More protection of human rights needed in Kazakhstan:PillayListen /
There are many "human rights concerns and critical gaps" in Kazakhstan's laws and rule-of-law institutions, the UN Human Rights chief Navi Pillay told a press conference in the capital, Astana.
Ms. Pillay is visiting the country as part of her first visit to Central Asia.
Charles Appel reports.
Ms. Pillay told reporters that freedom of assembly is far too restricted in Kazakhstan and that there were allegations that torture is still practiced in the country, even though it has ratified the Convention against Torture.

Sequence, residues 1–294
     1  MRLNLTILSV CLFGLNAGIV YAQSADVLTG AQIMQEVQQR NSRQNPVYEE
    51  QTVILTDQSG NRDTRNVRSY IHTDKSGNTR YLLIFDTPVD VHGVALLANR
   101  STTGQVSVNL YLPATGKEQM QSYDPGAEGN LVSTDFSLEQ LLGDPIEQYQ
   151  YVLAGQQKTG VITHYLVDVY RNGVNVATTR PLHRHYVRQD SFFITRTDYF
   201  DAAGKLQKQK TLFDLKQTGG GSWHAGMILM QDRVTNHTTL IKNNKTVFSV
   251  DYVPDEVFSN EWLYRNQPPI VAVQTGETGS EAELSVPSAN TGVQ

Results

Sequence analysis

She said much concern has been expressed that the space for public criticism – an essential part of the democratic process – is now shrinking rather than expanding.
She recommended that a new or amended media law that decriminalizes libel is needed.
Other concerns she heard during her visit, she said, included the country's very high suicide rate, especially among teens, and domestic violence.
Ms Pillay asked the Prime Minister to convey to the President that promoting and protecting human rights need to be key priorities for Kazakhstan.
Charles Appel, United Nations.